For as much as Women Open Up, Why do we Shut Down about Our Health?


For as much as Women Open Up, Why do we Shut Down about Our Health?
Written by Terri Coleman,
Everyone knows that communication is a key factor in any relationship. Women tend to be most comfortable opening up to friends and loved ones, but what about that other important person in your life – your doctor! According to a recent survey conducted by TENA, a leading brand of products for bladder weakness, a majority of baby boomer women do not effectively communicate with their doctors about “sensitive” personal health issues including bladder weakness, low sex drive or even menopause.

If these changes in our bodies are so common and simply a normal part of life, why are we so hesitant to discuss them?The surveyof 1,000 U.S. baby boomers revealed that only 16 percent of women are likely to immediately contact their doctor when they experience an embarrassing health issue or symptom. That means that as many as 84% of us are staying silent – an alarmingly high number.

The survey also revealed that the significant communication gap between baby boomer women and their doctors can be attributed to a number of factors including embarrassment and the assumption that their symptoms are a normal part of aging. In fact, the survey found that 67 percent of boomer women are less likely to discuss a symptom with their doctor if they perceive it as a “normal part of aging.” But ladies, just because our bodies change as we age doesn’t mean you shouldn’t discuss those changes with your doctor.

Let’s face it, if the change is significant enough for us to notice, then that alone should be the reason to inform your doctor.As we go through life, it is no secret that we will increasingly experience new health challenges – some normal and some not. It is imperative that we break down these communication barriers and pave the way for future generations of women to come. To help spark conversation, TENA has created a new health education and advocacy campaign for women called the TENA Conversation Couch. The program encourages women to take control of their health by sitting down and opening up. The comfortable, brightly colored couch serves as a symbol of normalcy so we can feel more comfortable talking about those “oops” moments and learn about ways to help manage bladder weakness, or any other sensitive health issue.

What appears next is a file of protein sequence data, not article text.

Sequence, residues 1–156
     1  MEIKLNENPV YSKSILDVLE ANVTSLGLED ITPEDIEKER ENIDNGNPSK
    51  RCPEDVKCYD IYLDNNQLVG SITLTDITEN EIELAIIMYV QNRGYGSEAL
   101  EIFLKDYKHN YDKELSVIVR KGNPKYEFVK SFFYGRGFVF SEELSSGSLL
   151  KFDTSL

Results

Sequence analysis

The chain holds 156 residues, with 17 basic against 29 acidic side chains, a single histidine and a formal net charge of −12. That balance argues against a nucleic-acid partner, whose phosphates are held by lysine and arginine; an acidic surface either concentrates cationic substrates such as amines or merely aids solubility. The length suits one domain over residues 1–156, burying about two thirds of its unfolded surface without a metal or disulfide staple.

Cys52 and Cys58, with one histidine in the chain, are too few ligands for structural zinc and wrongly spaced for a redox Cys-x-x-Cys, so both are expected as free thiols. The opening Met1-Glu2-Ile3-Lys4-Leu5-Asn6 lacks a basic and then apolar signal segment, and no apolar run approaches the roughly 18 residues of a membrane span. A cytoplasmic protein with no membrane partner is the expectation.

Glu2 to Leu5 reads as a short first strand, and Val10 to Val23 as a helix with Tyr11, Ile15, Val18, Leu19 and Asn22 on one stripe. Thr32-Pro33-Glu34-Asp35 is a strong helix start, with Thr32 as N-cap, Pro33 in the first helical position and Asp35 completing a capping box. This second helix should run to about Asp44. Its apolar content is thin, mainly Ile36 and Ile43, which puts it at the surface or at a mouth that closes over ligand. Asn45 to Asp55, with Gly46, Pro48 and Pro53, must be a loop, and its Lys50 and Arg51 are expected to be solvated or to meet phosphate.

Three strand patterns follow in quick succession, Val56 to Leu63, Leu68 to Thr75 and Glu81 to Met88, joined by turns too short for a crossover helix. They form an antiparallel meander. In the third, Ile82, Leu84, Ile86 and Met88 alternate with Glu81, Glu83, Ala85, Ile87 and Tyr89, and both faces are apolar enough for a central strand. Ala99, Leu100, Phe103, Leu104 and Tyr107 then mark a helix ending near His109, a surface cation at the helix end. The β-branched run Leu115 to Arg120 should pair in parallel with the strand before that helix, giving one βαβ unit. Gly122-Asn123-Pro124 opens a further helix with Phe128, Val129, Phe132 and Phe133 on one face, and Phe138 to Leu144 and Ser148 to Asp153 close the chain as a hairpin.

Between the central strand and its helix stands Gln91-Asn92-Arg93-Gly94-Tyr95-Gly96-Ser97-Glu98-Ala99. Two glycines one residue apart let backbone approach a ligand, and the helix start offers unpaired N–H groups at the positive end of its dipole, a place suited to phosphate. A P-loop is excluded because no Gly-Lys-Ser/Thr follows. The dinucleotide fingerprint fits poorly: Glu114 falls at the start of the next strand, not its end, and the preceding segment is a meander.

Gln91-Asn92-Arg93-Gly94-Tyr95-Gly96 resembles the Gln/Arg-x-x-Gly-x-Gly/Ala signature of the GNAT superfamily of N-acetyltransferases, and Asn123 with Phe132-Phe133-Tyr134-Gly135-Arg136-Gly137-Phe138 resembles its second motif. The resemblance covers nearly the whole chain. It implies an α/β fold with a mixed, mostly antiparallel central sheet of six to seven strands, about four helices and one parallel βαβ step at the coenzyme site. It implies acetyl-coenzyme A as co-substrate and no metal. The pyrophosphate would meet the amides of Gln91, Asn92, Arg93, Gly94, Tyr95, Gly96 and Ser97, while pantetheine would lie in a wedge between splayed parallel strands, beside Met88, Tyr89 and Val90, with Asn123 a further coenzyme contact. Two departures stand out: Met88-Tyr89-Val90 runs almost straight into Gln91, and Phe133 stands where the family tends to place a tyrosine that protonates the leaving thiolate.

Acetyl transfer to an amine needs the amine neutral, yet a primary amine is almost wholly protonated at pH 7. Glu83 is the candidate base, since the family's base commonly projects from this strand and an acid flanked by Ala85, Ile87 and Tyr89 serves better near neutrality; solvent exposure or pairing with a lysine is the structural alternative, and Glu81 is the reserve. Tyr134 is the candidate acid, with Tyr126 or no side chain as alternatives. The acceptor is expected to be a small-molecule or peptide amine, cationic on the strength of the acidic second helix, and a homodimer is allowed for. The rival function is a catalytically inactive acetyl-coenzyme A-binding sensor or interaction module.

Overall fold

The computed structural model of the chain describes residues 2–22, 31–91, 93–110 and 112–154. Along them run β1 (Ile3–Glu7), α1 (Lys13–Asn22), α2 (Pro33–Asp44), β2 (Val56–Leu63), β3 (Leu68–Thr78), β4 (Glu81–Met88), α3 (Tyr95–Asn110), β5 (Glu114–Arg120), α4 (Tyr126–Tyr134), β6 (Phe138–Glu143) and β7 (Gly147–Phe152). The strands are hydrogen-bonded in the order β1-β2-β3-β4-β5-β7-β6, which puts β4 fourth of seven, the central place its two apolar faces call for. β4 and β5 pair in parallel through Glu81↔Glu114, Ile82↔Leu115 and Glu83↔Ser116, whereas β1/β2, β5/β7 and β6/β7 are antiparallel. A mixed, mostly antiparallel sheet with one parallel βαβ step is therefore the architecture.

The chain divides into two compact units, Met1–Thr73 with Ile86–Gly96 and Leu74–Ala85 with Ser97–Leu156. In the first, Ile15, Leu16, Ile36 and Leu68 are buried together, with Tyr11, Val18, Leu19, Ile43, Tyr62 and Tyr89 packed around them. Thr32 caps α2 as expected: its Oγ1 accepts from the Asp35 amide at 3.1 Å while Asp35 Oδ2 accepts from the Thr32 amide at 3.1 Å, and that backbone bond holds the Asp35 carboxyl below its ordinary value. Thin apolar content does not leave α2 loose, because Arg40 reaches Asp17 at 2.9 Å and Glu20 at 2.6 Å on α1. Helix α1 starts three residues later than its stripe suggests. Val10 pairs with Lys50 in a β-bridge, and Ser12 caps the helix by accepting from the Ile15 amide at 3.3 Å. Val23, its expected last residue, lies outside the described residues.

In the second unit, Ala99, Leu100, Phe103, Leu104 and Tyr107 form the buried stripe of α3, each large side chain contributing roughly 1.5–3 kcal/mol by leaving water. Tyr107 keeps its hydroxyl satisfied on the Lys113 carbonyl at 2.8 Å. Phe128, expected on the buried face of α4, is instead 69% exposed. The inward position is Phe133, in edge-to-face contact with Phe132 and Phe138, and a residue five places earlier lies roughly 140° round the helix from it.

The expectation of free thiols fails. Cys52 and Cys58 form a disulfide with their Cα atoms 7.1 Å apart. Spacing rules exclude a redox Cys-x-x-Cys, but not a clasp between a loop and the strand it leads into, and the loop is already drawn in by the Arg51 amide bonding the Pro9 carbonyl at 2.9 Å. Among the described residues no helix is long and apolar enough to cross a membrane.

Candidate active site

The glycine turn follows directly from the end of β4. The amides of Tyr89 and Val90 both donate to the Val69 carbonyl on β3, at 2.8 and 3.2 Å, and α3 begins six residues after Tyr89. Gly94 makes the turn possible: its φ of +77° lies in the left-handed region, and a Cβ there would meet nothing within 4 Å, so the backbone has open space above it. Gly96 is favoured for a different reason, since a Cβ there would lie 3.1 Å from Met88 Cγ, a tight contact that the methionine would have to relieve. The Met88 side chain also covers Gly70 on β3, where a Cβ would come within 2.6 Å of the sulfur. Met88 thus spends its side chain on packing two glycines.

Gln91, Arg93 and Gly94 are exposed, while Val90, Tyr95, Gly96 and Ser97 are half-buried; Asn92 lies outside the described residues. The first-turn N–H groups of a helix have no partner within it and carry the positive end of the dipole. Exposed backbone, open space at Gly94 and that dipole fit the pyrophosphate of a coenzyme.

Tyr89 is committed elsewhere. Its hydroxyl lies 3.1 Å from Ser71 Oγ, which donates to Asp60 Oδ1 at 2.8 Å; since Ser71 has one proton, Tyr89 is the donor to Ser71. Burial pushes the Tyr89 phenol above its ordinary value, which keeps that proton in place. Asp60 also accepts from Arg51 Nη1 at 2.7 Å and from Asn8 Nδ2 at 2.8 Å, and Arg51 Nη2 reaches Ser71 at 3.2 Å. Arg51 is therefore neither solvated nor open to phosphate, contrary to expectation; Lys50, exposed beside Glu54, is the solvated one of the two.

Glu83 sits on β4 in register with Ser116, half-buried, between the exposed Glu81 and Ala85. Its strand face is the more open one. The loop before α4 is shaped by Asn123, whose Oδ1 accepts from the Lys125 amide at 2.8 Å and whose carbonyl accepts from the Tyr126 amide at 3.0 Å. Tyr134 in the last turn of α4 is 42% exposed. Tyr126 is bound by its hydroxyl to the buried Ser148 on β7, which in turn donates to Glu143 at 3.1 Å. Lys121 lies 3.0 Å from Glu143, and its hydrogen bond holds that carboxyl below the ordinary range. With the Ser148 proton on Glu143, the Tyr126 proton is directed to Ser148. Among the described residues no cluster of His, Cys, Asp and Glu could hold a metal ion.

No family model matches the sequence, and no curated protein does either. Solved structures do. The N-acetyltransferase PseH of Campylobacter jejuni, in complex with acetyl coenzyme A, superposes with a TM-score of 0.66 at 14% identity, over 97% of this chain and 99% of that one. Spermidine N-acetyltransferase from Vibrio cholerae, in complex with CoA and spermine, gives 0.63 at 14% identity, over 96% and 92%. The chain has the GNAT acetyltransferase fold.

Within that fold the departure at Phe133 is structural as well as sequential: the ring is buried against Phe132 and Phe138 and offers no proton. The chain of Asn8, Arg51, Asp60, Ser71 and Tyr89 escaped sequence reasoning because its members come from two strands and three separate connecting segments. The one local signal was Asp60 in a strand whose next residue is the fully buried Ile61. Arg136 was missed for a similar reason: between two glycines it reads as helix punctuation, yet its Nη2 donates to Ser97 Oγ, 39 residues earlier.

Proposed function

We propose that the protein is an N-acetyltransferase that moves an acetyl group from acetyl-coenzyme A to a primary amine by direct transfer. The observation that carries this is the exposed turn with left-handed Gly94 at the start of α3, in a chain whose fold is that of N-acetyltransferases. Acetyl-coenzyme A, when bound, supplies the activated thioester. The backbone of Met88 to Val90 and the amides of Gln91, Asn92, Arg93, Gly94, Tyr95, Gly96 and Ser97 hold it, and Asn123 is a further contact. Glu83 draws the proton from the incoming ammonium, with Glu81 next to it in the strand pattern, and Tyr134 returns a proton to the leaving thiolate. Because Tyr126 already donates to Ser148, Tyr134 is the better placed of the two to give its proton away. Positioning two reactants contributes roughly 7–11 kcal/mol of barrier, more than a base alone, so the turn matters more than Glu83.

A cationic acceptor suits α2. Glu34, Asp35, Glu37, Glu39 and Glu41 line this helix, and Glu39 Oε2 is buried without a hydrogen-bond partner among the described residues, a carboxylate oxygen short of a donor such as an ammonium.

So, ladies, let’s join in the conversation and take our health into our own hands. It may be inevitable that we are going to experience a number of common, sometimes “embarrassing” problems, but we don’t need to let them get in our way. Take back control of your health and your quality of life by sitting down and opening up about your concerns with your doctor.

Here are some tips from TENA on communicating openly and honestly with your doctor:

  • Be Open: Talking about personal health matters such as bladder weakness can be hard, but you deserve to live your life free from symptoms that hold you back. Letting your doctor know about the symptoms you’ve been experiencing will help them help you. Not ready to talk to your doctor yet? Work your way up by confiding in a friend or family member.
  • Do Your Homework: Doing some research before your appointment could go a long way in helping you identify what you’re experiencing and the options available to help manage it.
  • Take Notes: Keep track of your symptoms and the times when they are most persistent and bring those notes with you when you visit your doctor. If you get nervous, having notes there will help you stay on topic and remember the little details. Also, having notes to share with your doctor will help provide them with more background on the situation – and they may notice patterns that could indicate triggers or hidden causes.

For more information about the TENA Conversation Couch, bladder weakness and to request a free TENA product sample, please visit the TENA Conversation Couch Facebook page!

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About Saabr International

The Saabr International Blog is dedicated to being a resource for information on Nigella Sativa (Black Seed Oil, Kalonji). We also are committed to providing educational, thought provoking,and stimulating, information and conversation on health and wellness.
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